Neurocognitive impairment in treatment-experienced adults living with HIV attending primary care clinics in Zimbabwe
HIV affects the central nervous system resulting in HIV associated neurocognitive impairment (NCI) in approximately 50% of people living with HIV. It typically affects memory, learning, working memory, fine motor skills, speed of information processing, verbal fluency and executive functioning cognitive domains. NCI can affect adherence to antiretroviral therapy (ART), employability, driving ability and activities of daily living. NCI is not routinely screened for in Zimbabwe, and the burden is not known in this setting. The objectives of this study were: 1) To determine NCI prevalence using a comprehensive neuropsychological battery at two primary health care clinics in Harare; 2) To assess the pattern of cognitive impairment across cognitive domains using a gold standard neuropsychological (NP) battery in HIV-positive patients compared to HIV-negative controls.
Inclusion criteria: 18 years or older; minimum 7 years education; no neurological or psychiatric disorders. HIV-positive participants were on ART for ≥3 months; HIV-negative participants had a confirmed HIV negative status in the past month. A comprehensive NP battery, functional assessments, demographic and medical history questionnaires were administered. The NP battery consisted of tests assessing memory, learning, working memory, fine motor skills, speed of information processing, verbal fluency and executive functioning.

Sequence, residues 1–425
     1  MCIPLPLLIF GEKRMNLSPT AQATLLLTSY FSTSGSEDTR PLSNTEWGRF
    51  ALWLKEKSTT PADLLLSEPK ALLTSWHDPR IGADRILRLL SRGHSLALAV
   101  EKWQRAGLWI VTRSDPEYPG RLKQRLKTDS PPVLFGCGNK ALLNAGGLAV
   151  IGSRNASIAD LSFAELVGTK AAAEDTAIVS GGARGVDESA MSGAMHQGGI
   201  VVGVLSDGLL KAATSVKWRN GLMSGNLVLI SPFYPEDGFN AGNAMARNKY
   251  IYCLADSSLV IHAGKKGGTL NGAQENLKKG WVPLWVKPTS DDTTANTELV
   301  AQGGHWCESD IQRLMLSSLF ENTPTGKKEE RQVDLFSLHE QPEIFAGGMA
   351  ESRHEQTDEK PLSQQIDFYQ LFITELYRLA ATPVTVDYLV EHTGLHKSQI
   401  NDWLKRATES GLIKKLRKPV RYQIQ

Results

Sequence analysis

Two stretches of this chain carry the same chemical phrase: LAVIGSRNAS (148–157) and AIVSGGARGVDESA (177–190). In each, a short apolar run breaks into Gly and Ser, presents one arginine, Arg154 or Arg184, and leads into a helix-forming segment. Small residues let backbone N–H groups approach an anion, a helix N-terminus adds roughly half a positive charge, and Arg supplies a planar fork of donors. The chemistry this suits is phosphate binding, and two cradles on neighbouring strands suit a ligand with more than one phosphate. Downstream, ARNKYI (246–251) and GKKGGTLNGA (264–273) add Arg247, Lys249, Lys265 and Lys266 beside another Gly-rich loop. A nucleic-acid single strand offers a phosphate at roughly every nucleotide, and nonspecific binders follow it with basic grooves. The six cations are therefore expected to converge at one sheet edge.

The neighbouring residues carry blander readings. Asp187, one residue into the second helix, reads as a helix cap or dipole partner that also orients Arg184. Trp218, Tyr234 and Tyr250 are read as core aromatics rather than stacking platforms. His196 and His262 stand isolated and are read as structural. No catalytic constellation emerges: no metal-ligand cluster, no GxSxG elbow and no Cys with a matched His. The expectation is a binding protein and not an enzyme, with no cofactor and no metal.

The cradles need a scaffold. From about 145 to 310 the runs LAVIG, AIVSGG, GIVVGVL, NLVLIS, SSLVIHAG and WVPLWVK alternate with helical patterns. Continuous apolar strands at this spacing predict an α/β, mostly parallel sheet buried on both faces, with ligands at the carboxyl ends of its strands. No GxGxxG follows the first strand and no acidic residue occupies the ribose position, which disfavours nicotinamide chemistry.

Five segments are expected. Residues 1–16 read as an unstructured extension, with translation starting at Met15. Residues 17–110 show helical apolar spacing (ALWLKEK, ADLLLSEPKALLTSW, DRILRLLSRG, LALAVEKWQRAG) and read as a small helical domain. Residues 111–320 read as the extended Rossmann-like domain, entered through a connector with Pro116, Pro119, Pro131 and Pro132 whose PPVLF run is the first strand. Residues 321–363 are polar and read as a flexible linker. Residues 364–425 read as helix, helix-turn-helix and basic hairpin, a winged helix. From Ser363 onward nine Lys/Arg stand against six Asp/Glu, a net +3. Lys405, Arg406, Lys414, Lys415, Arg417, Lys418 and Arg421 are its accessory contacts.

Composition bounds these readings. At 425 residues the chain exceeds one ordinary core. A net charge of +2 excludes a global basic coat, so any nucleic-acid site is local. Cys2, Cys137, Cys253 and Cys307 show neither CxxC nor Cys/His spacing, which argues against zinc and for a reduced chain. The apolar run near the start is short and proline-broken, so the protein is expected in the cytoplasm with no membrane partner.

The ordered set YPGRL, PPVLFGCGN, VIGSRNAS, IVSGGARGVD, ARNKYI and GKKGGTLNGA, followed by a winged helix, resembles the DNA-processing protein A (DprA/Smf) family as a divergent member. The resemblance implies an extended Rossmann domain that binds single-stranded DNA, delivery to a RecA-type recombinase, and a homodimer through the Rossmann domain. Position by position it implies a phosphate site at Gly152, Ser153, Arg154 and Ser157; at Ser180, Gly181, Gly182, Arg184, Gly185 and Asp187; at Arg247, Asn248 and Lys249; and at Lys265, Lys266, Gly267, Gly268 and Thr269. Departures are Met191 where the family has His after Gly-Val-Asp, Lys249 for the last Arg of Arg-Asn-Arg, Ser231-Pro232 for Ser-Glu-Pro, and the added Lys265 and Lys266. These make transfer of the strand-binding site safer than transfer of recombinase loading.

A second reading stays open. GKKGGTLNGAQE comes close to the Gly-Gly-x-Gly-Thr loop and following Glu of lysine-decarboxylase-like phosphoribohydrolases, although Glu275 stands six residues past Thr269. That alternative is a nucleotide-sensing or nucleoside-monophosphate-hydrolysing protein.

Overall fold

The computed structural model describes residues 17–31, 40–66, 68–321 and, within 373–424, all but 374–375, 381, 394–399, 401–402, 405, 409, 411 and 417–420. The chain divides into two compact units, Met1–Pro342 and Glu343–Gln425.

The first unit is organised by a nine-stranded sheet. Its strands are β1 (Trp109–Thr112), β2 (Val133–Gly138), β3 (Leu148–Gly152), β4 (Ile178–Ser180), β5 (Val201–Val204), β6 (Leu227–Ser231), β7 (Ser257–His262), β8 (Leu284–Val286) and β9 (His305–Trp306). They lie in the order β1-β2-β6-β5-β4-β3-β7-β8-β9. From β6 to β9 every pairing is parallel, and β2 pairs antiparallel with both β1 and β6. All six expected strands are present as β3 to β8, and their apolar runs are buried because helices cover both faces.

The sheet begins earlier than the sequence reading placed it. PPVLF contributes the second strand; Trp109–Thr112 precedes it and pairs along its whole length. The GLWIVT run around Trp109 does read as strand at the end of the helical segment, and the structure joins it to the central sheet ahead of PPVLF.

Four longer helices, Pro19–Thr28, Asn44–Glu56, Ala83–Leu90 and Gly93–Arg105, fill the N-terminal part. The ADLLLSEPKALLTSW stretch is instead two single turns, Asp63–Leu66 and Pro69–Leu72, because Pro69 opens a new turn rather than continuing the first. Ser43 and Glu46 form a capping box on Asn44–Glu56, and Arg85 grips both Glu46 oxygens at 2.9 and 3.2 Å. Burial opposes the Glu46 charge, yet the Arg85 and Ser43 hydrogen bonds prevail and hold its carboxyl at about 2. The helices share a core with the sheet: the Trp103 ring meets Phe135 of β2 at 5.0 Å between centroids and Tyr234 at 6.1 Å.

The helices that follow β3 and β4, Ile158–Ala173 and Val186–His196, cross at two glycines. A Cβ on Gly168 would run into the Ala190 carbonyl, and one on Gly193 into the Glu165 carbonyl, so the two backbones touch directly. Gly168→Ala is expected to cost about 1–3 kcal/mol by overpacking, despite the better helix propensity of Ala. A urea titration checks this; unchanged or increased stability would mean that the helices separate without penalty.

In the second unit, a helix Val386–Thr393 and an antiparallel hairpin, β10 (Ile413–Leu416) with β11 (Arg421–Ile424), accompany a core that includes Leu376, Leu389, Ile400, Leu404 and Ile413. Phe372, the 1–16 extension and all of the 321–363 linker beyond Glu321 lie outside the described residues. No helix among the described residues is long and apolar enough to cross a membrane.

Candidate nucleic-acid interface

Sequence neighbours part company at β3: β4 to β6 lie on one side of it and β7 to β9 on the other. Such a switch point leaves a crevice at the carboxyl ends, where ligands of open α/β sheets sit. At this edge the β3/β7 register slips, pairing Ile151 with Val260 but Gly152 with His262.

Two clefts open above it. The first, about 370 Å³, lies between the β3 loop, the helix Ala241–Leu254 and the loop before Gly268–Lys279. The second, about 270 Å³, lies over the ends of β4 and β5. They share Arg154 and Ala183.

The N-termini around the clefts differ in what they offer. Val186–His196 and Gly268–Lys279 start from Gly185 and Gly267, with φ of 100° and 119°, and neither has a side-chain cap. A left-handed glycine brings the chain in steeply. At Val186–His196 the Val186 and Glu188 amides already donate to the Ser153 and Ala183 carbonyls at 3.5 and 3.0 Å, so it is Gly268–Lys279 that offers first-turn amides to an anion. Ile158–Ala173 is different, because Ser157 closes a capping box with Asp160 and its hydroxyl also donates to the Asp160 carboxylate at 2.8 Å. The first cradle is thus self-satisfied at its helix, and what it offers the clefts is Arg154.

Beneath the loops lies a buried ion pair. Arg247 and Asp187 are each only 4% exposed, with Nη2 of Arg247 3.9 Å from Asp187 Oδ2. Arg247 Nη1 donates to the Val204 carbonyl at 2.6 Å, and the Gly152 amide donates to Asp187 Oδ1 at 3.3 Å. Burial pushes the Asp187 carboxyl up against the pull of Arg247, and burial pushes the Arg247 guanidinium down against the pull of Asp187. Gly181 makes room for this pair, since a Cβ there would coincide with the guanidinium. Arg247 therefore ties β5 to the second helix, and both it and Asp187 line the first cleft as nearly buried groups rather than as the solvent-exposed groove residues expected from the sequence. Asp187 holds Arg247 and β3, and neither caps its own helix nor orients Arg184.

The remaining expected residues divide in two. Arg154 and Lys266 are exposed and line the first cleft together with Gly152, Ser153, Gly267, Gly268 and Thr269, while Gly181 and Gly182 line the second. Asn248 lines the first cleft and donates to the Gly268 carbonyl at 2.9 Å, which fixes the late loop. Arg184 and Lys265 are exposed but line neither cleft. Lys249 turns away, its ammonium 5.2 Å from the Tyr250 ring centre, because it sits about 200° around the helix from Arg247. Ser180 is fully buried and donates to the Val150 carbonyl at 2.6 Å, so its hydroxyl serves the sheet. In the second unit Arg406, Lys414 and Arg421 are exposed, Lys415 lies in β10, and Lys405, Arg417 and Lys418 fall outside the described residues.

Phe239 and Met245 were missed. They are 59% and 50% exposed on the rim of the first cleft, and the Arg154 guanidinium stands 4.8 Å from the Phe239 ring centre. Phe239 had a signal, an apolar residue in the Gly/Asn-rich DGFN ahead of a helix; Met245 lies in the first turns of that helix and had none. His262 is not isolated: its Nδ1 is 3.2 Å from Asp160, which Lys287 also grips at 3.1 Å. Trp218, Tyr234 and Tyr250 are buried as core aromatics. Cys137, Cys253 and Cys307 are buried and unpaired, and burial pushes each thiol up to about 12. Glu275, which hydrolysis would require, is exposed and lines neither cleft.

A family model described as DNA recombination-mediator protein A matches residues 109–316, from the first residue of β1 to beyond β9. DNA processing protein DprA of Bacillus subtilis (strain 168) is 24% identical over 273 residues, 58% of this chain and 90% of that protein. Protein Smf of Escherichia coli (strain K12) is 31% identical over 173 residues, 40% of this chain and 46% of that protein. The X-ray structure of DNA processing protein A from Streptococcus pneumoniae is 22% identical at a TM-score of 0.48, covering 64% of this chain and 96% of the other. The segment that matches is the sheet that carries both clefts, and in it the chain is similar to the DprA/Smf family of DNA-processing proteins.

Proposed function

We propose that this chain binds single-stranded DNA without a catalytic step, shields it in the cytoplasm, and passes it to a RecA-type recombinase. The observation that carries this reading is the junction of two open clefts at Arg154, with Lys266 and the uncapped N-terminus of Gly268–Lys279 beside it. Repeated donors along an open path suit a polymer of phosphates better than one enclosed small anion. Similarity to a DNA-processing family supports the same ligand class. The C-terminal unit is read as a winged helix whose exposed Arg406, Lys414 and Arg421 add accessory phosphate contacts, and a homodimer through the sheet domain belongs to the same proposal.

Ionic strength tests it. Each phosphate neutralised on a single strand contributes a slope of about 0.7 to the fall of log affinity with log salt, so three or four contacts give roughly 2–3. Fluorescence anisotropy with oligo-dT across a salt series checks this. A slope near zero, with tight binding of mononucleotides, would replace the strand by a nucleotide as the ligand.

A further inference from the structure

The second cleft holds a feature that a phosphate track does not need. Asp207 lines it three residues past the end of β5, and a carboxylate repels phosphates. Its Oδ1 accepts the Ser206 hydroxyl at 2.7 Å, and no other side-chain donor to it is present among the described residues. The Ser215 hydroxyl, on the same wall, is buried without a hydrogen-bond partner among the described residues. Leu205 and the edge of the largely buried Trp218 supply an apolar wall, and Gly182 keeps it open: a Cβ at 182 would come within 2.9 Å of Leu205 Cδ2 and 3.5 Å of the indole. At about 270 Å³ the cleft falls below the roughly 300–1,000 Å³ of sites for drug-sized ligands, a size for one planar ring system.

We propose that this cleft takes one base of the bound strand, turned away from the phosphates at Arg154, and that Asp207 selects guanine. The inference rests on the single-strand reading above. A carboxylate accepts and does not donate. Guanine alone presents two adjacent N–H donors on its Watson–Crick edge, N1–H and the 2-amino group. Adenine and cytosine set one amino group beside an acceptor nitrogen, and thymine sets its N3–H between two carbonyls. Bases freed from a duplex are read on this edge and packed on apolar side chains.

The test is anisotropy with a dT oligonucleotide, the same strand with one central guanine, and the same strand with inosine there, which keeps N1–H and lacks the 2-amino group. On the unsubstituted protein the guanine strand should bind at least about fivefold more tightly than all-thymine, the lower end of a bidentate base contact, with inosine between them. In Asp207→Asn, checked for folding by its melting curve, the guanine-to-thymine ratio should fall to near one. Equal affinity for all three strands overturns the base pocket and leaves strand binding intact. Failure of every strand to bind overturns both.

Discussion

Two-hundred-and-thirty-one participants were recruited. Of those, 155 were HIV-positive (Female = 70%, Age M = 37.8; SD 11.2) and 76 HIV-negative (Female = 63%, Age M = 31.2; SD 9.9). HIV-positive participants were on ART for an average of 6 years. NCI was present in 49.7% HIV positive participants. Compared to HIV-negative participants, the HIV-positive group had significantly poorer scores in 5 out of 7 cognitive domains. A good level of education is negatively correlated with NCI.
NCI prevalence in HIV-positive population Zimbabwe is consistent with global estimates. NCI persists in adults who are on ART. Routine assessment of NCI in adults attending primary care clinics using this adapted battery is therefore important so that they are identified early and are provided the necessary interventions.